The different applications in which light-sensitive polymers are used requires that such polymers be available with a variety of photographic and physical characteristics. Thus. there is a continual search for novel light-sensitive polymers which improve upon and differ from existing light-sensitive polymers. I have found a novel class of such light-sensitive polymers which have high photographic speed and a wide range of spectral response even in the absence of a sensitizer.
Accordingly. it is an object of this invention to provide a novel class of light-sensitive polymers.
It is a further object of this invention to provide a novel class of light-sensitive polymers having high photographic speed and a wide range of spectral response.
It is a further object of this invention to provide novel light-sensitive polymers which have high photographic speed and which are sensitive to radiation in the visible region of the spectrum in the absence of a sensitizer.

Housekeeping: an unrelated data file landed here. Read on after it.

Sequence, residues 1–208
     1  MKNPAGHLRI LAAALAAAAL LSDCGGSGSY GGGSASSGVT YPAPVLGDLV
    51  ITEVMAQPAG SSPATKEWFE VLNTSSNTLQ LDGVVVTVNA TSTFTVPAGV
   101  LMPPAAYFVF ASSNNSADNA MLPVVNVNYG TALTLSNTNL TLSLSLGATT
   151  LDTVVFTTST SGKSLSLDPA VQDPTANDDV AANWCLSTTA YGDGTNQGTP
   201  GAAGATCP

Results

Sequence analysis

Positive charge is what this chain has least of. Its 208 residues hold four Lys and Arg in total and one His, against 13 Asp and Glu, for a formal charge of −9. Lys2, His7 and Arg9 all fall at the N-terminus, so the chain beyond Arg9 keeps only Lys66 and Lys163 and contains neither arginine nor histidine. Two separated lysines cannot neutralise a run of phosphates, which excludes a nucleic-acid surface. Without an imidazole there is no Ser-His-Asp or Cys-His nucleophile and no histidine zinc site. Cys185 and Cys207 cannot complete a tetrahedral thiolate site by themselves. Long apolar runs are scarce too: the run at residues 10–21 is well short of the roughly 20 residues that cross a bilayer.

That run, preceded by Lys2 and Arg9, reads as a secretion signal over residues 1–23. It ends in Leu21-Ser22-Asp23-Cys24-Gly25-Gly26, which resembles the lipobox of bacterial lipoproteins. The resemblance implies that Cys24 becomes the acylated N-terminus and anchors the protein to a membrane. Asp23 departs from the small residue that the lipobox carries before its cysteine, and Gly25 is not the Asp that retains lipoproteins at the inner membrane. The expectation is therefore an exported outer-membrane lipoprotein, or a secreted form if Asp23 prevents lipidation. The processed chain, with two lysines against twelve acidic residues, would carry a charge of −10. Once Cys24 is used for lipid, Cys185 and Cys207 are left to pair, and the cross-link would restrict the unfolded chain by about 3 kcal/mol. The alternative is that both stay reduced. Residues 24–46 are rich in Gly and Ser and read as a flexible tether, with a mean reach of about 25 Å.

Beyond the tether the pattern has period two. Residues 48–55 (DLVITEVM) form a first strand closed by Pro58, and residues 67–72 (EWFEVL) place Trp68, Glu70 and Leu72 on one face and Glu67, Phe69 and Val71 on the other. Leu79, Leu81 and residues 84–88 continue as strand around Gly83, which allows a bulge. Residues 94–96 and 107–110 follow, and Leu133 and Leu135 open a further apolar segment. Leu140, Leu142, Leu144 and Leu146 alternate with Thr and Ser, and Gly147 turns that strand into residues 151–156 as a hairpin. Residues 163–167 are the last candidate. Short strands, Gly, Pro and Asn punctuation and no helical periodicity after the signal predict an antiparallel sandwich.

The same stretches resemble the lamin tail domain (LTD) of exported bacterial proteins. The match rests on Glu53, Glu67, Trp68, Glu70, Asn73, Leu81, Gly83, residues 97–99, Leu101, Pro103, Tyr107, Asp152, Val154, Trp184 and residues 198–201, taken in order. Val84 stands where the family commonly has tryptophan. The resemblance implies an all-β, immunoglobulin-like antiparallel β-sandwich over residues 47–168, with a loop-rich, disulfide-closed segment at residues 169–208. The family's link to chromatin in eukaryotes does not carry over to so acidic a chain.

It is another object of this invention to provide photosensitive compositions and elements containing this novel class of light-sensitive polymers.
It is still another object of this invention to provide I processes for preparing photomechanical images employing these novel light-sensitive polymers.
The above and other objects of this invention will become apparent to those skilled in the art from the further description of the invention which follows.
In accordance with the present invention there is provided a novel class of light-sensitive polymers which contain a light-sensitive moiety selected from the group consisting of stilbene-benzimidazole. stilbenebenzoxazole. stilbenebenzotriazole and stilbene-benzothiazole attached to the polymer backbone. The point of attachment of the light-sensitive moiety to the polymer backbone is the carboxyl group attached to the stilbene nucleus. When the polymer backbone is derived from a hydroxyl-containing polymer. the light-sensitive moiety is attached through a carbonyloxy linkage. When the polymer backbone is derived from a polymer containing reactive amino groups. the attachment is through an amido linkage.
The light-sensitive moieties which are attached to the light-sensitive polymers of this invention can be represented by the following structural formula wherein X is a carbon atom or a nitrogen atom;
Y and Z are an oxygen atom. a sulfur atom. or a nitrogen atom containing an alkyl group having 1 to 12 carbon atoms;